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US, Jordan urge speedy upgrade in Middle East peace talks

[ 2010-07-09 11:33]     字号 [] [] []  
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US, Jordan urge speedy upgrade in Middle East peace talks

Secretary of State Hillary Rodham Clinton and Jordanian Foreign Minister Nasser Judeh speak to the media at the State Department in Washington, 8 Jul 2010.

The US-Jordanian meeting came only two days after a White House visit by Israeli Prime Minister Benjamin Netanyahu in which he told President Obama his government is prepared to take concrete steps to upgrade the indirect talks.

Standing alongside her Jordanian counterpart, Secretary Clinton said they both believe moving to direct talks as soon as possible is in the best interest of everyone in the region.

"We believe that all the issues that need to be resolved between the parties must be discussed in direct negotiations," said Clinton. "The sooner that the Israelis and Palestinians get into direct negotiations, the sooner they can actually make decisions. That's the way it's worked in the past, that is the only way it can work today."

Foreign Minister Judeh, for his part, said the atmospherics of the indirect talks being mediated by US Middle east envoy George Mitchell seem to be encouraging, and provide a lot of room for hope.

The Jordanian official said the 2002 Arab League peace initiative offers the prospect of full, normalized relations between Israel and 57 Arab and Islamic countries, if there is a final peace accord providing for Israel withdrawal from occupied areas. He said in the interim, Arab states are prepared to tangibly support full peace negotiations.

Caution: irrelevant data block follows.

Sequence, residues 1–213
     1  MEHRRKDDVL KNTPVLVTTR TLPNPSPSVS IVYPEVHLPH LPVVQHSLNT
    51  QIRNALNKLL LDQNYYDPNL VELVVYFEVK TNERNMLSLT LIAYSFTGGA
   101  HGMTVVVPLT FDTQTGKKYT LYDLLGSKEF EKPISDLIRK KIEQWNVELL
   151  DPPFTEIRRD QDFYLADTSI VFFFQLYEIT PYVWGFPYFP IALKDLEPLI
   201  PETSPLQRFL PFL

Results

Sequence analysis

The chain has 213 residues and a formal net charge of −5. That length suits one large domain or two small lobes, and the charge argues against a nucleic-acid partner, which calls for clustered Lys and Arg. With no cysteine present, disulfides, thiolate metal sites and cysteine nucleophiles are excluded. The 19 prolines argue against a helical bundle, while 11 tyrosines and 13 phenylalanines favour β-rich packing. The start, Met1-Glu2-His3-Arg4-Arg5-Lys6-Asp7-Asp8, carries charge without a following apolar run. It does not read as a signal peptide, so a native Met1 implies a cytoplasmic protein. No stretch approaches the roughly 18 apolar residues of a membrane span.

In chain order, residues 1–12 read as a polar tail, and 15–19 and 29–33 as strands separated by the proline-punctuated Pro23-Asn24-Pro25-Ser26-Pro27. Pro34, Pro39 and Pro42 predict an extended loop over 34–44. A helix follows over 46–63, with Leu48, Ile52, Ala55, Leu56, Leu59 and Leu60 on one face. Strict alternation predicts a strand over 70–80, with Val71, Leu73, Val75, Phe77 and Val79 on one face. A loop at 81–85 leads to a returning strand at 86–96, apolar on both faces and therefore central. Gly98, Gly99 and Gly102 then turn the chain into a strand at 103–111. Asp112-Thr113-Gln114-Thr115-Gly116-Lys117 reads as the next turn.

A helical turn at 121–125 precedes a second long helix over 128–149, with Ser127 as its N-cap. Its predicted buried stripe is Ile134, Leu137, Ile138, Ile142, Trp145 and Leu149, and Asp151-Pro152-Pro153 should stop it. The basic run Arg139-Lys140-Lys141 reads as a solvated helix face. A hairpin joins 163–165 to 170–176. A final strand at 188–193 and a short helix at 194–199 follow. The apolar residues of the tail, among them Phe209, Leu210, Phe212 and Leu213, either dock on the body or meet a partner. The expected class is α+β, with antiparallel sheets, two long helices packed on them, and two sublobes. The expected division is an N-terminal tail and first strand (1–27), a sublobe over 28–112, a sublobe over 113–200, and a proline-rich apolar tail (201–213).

"I think once direct negotiations resume, you will see an engagement by the overall Arab context and tangible support that you refer to," said Judeh. "But let's not put the cart before the horse. Let's try to get a process going, not another open-ended process, not another timeless kind of engagement. We need to see benchmarks and we need to see traction on the ground."

The Jordanian Foreign Minister was not specific about what tangible support for peace talks might entail. US envoy Mitchell has long been urging moderate Arab states to make confidence-building gestures toward Israel, such as granting airline over-flight rights and reopening trade missions closed after the Gaza conflict between Israel and Hamas at the end of 2008.

Key US Arab allies, including Saudi Arabia, have rejected such steps, which Mitchell says would encourage a political consensus for peace in Israel.

Foreign Minister Judeh, whose country signed a peace treaty with Israel in 1994, said a conducive environment for full peace talks requires an end to what he termed provocative and unilateral actions by Israel in occupied areas, including housing demolitions and evictions of Palestinians.

Judeh said direct talks should resume at the point they broke off in 2008, when the Palestinian Authority and government of former Israeli Prime Minister Ehud Olmert were said to be in broad agreement on the outlines of a Palestinian state.

Clinton said such a state should be independent, viable and contiguous with borders based on pre-1967 truce lines, but with agreed land swaps and reflecting subsequent developments.

traction: the action of pulling something along a surface; the power that is used for doing this 牵引;拖拉;牵引力;拉力

entail: to involve something that cannot be avoided 牵涉;须要;使必要


conducive: making it easy, possible or likely for something to happen 使容易(或有可能)发生的

contiguous: touching or next to something 相接的;相邻的

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(来源:VOA 编辑:陈丹妮)